The COVID-19 pandemic accelerated the impact of cultural issues in churches across the country, creating “the hardest time to lead” in the last 50 years, said Ed Stetzer, executive director of the Billy Graham Center, during his workshop at the 2021 Annual Meeting.
He spoke on the massive shakeup that has taken place in the United States in recent years and its impact on churches in a workshop Monday afternoon called “A Post-Covid Missiology.”
Stetzer called the current shift a “cultural convulsion,” or a period of rapid social change. In a moment unlike any other in our lifetime, churches are seeing more members leave over cultural issues than theological disagreements.
“It feels like a lot has been shaken and we’ll see what will remain,” he said.
Churchgoers have taken note of how their church talked about or ignored George Floyd’s murder, the 2020 summer riots, civil rights protests, COVID-19 safety protocols and the 2020 election results.
Some conversations in the wider culture, like those around systemic racism and marriage equality, have been decades in the making. Gender identity is a newer idea, for example, he said, with social change and cultural acceptance happening at a much faster rate.
“Some of the fast forward is a good thing,” Stetzer said. “I think it’s good we’re talking more about systemic injustice and what that means and how we address it. At the same time, there are people who are taking that much further than I am, in ways that I’m not sure this lines up with my understanding of the Christian faith and the imago dei.”
Stetzer also talked about the “great sort,” in which Christians, and especially evangelicals, are re-sorting themselves based on ideology rather than theology. A heavy diet of cable news and social media are driving this trend, he said.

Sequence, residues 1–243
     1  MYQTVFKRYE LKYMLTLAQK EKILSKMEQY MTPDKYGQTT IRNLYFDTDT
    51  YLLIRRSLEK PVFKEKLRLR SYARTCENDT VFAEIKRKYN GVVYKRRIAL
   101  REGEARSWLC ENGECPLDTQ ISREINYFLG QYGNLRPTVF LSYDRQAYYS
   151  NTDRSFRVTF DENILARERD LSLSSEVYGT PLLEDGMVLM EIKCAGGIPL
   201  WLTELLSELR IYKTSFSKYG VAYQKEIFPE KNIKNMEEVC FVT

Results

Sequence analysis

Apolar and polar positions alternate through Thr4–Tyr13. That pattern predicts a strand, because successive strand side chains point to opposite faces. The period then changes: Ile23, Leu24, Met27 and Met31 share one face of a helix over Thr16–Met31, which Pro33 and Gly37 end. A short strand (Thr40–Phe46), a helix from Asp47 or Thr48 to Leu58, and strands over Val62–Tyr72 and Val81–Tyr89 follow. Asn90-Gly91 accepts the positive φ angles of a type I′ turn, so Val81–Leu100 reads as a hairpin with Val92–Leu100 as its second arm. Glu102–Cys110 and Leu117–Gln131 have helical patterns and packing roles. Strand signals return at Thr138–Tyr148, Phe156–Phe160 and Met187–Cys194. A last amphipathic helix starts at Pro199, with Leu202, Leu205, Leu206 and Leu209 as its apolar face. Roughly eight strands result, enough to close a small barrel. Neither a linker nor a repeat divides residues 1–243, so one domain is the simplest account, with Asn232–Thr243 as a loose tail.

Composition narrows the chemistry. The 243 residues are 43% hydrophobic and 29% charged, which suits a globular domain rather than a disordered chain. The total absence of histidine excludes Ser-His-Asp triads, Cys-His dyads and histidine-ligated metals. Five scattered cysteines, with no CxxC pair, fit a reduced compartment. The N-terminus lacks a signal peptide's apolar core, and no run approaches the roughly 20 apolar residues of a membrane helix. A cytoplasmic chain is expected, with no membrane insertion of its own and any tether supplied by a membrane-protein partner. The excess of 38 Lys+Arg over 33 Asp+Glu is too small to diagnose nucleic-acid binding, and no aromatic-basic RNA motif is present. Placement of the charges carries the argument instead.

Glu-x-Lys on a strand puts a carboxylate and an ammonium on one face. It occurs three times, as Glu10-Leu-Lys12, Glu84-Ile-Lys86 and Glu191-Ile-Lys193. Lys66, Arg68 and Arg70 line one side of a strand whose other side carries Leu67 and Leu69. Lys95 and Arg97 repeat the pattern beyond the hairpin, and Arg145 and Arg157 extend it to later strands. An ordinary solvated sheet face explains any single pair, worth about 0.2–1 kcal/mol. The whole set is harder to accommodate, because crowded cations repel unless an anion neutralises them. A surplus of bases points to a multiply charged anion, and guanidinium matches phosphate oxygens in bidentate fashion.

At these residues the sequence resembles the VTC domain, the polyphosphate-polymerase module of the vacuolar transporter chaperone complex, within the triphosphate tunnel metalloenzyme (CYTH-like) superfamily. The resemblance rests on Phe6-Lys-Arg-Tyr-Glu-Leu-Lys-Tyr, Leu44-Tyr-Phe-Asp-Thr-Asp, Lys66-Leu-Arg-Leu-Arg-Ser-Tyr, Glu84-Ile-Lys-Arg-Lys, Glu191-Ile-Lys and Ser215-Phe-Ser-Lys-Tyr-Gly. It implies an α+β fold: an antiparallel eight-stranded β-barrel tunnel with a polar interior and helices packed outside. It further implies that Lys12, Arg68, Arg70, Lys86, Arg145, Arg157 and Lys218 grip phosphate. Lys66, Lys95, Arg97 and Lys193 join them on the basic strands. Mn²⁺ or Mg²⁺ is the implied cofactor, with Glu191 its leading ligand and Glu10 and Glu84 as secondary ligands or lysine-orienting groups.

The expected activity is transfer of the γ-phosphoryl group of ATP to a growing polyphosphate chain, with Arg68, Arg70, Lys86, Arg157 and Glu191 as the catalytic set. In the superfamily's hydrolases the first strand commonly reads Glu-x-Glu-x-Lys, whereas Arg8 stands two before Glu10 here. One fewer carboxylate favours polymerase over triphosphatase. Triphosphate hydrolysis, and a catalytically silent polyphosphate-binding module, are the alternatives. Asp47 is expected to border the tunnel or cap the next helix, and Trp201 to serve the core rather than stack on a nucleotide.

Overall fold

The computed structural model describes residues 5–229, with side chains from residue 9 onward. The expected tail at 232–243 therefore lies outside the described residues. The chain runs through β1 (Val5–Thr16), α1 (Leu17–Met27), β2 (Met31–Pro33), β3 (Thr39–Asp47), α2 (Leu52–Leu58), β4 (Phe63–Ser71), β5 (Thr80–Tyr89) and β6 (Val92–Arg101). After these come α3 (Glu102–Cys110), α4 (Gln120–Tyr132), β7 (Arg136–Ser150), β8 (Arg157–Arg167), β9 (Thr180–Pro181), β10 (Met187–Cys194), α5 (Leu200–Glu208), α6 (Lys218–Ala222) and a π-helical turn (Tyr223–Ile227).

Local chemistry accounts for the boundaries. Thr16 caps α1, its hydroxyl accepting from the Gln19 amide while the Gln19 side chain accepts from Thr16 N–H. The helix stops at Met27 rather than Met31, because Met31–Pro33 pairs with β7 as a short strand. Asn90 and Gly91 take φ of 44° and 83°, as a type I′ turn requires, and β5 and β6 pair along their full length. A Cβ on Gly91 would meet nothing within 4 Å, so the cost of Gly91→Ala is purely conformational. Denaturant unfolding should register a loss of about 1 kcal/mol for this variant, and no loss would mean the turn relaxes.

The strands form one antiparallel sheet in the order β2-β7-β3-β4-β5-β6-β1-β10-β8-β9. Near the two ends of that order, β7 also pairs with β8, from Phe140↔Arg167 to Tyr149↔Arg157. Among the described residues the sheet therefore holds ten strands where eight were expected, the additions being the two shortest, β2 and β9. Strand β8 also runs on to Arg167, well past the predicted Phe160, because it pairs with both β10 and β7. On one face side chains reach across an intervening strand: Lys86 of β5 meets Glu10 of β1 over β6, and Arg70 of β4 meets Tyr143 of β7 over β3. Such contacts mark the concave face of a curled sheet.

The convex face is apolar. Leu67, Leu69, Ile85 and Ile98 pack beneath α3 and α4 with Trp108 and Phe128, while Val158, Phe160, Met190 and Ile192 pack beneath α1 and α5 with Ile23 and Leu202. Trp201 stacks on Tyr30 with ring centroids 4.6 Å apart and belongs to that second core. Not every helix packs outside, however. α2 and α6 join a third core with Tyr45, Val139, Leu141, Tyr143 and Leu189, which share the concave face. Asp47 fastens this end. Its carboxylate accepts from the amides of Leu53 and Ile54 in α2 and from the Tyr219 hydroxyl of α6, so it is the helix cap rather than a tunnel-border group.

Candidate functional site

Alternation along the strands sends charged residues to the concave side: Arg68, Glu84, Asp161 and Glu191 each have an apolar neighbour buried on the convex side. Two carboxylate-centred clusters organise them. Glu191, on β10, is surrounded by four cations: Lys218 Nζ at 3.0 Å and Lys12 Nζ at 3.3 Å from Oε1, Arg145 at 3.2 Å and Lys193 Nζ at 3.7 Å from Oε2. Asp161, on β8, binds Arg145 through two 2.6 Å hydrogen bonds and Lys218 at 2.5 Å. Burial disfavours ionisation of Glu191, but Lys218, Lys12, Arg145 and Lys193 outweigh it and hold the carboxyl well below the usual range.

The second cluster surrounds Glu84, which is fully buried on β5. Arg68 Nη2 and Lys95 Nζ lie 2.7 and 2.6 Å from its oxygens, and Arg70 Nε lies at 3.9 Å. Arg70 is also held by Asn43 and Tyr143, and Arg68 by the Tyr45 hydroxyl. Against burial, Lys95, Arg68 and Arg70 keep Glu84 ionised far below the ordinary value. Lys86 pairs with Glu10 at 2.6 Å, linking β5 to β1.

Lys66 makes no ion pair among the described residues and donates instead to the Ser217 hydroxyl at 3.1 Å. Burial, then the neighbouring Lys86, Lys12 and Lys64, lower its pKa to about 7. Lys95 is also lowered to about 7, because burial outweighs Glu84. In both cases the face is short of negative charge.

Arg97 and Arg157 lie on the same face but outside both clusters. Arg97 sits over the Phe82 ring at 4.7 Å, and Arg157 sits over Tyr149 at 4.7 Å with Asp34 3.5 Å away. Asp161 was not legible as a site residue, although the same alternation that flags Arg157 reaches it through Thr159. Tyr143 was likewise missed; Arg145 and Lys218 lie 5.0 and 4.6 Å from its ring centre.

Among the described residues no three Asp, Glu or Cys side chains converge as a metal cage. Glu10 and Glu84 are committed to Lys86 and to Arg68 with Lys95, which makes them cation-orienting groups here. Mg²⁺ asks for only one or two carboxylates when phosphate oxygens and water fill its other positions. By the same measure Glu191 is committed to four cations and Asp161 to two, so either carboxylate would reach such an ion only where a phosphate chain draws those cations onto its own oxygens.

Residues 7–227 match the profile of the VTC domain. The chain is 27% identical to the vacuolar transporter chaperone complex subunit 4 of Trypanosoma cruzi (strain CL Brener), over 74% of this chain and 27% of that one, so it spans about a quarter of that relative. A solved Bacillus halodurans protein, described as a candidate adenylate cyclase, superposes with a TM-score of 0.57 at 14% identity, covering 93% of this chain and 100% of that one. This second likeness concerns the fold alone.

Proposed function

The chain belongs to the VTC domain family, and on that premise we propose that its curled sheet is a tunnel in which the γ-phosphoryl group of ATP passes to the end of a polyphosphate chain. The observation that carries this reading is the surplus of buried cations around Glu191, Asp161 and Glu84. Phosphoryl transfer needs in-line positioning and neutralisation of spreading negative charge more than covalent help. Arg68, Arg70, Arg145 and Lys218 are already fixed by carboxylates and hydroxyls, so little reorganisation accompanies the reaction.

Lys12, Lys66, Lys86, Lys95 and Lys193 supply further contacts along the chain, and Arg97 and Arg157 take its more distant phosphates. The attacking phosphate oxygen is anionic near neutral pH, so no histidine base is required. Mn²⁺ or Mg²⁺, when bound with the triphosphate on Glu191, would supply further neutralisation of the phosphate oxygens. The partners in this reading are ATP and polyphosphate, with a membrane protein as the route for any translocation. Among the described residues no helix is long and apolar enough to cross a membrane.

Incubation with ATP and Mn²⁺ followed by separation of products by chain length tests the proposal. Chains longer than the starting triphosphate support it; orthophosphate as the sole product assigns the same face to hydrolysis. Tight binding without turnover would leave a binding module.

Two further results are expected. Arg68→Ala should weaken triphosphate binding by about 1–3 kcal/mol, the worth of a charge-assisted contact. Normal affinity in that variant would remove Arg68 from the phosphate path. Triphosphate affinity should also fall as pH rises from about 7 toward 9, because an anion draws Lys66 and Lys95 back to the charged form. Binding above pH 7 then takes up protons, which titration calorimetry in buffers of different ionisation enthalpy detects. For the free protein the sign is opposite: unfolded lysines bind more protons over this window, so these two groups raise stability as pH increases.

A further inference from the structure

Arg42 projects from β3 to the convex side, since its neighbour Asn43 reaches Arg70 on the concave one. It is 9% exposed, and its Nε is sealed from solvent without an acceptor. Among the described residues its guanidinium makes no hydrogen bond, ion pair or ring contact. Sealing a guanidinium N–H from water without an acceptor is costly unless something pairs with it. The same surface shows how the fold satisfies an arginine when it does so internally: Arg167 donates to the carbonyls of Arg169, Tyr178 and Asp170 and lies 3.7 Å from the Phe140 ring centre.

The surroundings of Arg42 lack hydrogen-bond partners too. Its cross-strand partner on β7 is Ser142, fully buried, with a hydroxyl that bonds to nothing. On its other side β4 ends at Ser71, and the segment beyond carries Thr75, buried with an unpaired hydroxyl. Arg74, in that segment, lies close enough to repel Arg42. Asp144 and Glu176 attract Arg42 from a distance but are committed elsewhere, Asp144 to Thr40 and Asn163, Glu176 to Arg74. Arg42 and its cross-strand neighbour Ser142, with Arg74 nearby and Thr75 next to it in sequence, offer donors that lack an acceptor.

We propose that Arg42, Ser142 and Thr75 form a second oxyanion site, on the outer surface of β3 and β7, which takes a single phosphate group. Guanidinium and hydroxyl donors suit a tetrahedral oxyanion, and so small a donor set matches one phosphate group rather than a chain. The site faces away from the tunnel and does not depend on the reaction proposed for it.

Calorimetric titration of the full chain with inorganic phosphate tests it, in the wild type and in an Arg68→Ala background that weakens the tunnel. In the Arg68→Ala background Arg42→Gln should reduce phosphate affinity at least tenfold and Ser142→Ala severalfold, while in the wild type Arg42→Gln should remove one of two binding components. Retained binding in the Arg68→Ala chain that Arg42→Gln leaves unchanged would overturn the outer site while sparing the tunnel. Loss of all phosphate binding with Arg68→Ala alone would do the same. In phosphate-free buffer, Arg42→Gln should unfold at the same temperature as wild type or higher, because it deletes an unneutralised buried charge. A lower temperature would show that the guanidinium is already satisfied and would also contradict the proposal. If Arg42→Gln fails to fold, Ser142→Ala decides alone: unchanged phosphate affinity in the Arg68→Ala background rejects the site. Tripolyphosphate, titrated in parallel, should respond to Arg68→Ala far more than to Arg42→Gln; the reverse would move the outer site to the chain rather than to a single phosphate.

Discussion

“People are being discipled by their cable news choices,” he said. “The overwhelming 20-30 hours of that discipling is shaping the people of our church more than the teaching and the gospel of Jesus Christ.”
“I think we’re going to look back on social media and see it as the lead pipes of our day,” Stetzer said. “The technology is amazing, and just like the technology 2,000 years ago, it was feeding them and killing them at the same time.”
The third challenge facing churches in a post-pandemic world is how to re-engage those who have become disconnected. He said the typical church can be divided into thirds. The first third are highly engaged, and in fact became even more engaged through the pandemic. Thanks to this group, giving in 70% of churches has matched or exceeded giving in 2019.
“They give more, they serve more, they're engaged more, they’re just involved more. They have stepped up, stood up and stood in the gap,” Stetzer explained.
The second third is hanging on. Most haven’t left the church, but they aren’t going deeper. The distant third is only showing up occasionally, isn’t giving, and isn’t involved. The big challenge facing churches now is to get the second group engaged in the mission so they can go out and reach the disconnected distant third.
Another contributor to mass disconnection is the pandemic-era messaging that people can access church without physically coming to church.
“We have taught people that they don’t need to be in community with one another and I think that was a mistake,” Stetzer said. “We should have been telling them, ‘This is bad, and only for a season.’ We’ve told them, ‘This is the best new thing.’ But no, it’s not. It’s not what we want. We need to say, ‘You need to be in this covenant community called a church again.’”